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Gambling on Conflict: Profiling Investments in Conflict Countries
Unformatted Document Text:  Andreea Mihalache Updated: March 20, 2008 au-Prince, despite repeated losses due to political violence. This mango and peppers processing plant has lost $434,110 in 1993 and $305,900 in 1994, because of the trade embargo that followed the coup against Aristide, but its parent company has not sought to relocate it. Aggregate figures tell a similar story: foreign investments continue to flow to countries facing political violence. Figure 1 depicts the variation in aggregate FDI inflows in Haiti, throughout both peace and conflict years. Figure 2 includes graphs of FDI inflows to a set of other countries that, like Haiti, underwent several periods of conflict. Figure 1 and Figure 2 here The fact that developing countries facing such high probabilities of political violence continue to receive FDI inflows is surprising. As conventional wisdom has it, all foreign investors should avoid countries where political violence is present or highly probable. This belief is based on two assumptions. First, the investment environment in developing countries is relatively homogenous, with low labor costs and, more often than not, foreign investor-friendly legislation. Second, the presence of political violence increases the risks associated with investments, which results in higher costs for the investors. Given that developing hosts are interchangeable for many firms, and also given the high costs resulting from political violence, rational foreign investors select conflict-free locations. The data, however, tell a different story. It is true that overall levels of FDI are lower in periods surrounding incidences of political violence. It is also true that FDI inflows to countries undergoing conflict do not cease completely and, in some industries, remain unchanged or even increase. But how can this be? Relaxing the second 7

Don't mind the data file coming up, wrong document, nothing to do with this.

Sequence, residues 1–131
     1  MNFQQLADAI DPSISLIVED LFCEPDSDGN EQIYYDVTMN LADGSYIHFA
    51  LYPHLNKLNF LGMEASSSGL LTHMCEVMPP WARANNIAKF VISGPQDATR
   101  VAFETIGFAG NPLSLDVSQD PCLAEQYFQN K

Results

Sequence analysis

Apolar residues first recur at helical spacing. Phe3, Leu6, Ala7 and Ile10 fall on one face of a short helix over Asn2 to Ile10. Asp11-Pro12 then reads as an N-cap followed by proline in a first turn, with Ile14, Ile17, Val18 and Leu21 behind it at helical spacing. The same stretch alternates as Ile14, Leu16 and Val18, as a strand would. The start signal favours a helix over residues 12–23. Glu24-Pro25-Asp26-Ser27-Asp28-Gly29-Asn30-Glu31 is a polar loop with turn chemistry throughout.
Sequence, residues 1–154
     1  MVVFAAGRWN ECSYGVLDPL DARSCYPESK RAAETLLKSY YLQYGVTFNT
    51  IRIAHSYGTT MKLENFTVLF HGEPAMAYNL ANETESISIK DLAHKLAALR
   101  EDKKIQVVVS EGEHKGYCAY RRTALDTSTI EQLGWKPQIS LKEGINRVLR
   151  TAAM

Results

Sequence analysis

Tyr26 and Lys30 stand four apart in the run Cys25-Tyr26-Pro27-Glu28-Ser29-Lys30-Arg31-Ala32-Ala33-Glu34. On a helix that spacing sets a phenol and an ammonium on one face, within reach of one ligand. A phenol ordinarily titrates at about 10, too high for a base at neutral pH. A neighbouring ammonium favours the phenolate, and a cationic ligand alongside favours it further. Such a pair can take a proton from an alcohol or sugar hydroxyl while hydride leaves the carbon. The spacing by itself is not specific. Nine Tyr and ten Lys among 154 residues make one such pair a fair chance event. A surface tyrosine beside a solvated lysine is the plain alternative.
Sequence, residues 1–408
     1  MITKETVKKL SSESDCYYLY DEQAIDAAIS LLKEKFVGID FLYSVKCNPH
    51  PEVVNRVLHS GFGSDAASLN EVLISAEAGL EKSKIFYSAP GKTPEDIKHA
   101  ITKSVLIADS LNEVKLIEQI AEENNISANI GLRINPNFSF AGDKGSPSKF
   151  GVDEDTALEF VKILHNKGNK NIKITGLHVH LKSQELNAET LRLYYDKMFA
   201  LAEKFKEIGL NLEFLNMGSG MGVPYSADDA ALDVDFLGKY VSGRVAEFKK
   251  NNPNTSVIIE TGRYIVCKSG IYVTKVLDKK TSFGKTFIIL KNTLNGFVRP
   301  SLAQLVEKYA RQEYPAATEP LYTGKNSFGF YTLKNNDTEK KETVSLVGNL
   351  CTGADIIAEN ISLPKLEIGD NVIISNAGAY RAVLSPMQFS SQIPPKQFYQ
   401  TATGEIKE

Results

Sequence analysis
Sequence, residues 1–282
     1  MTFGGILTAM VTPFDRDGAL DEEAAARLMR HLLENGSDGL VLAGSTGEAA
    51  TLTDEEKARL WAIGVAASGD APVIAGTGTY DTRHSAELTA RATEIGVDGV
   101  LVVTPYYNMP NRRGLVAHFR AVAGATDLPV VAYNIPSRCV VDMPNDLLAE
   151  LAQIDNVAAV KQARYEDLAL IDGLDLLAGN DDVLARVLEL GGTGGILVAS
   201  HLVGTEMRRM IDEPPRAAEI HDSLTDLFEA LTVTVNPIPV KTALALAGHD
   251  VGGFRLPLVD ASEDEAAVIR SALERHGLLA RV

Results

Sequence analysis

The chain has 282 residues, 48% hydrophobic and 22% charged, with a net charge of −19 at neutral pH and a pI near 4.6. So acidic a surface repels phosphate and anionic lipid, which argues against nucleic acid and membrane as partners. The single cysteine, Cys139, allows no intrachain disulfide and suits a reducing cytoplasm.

Authors: Mihalache, Andreea.
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background image
Andreea Mihalache
Updated: March 20, 2008
au-Prince, despite repeated losses due to political violence. This mango and peppers
processing plant has lost $434,110 in 1993 and $305,900 in 1994, because of the trade
embargo that followed the coup against Aristide, but its parent company has not sought to
relocate it. Aggregate figures tell a similar story: foreign investments continue to flow to
countries facing political violence. Figure 1 depicts the variation in aggregate FDI
inflows in Haiti, throughout both peace and conflict years. Figure 2 includes graphs of
FDI inflows to a set of other countries that, like Haiti, underwent several periods of
conflict.
Figure 1 and Figure 2 here
The fact that developing countries facing such high probabilities of political
violence continue to receive FDI inflows is surprising. As conventional wisdom has it,
all foreign investors should avoid countries where political violence is present or highly
probable. This belief is based on two assumptions. First, the investment environment in
developing countries is relatively homogenous, with low labor costs and, more often than
not, foreign investor-friendly legislation. Second, the presence of political violence
increases the risks associated with investments, which results in higher costs for the
investors. Given that developing hosts are interchangeable for many firms, and also
given the high costs resulting from political violence, rational foreign investors select
conflict-free locations.
The data, however, tell a different story. It is true that overall levels of FDI are
lower in periods surrounding incidences of political violence. It is also true that FDI
inflows to countries undergoing conflict do not cease completely and, in some industries,
remain unchanged or even increase. But how can this be? Relaxing the second
7


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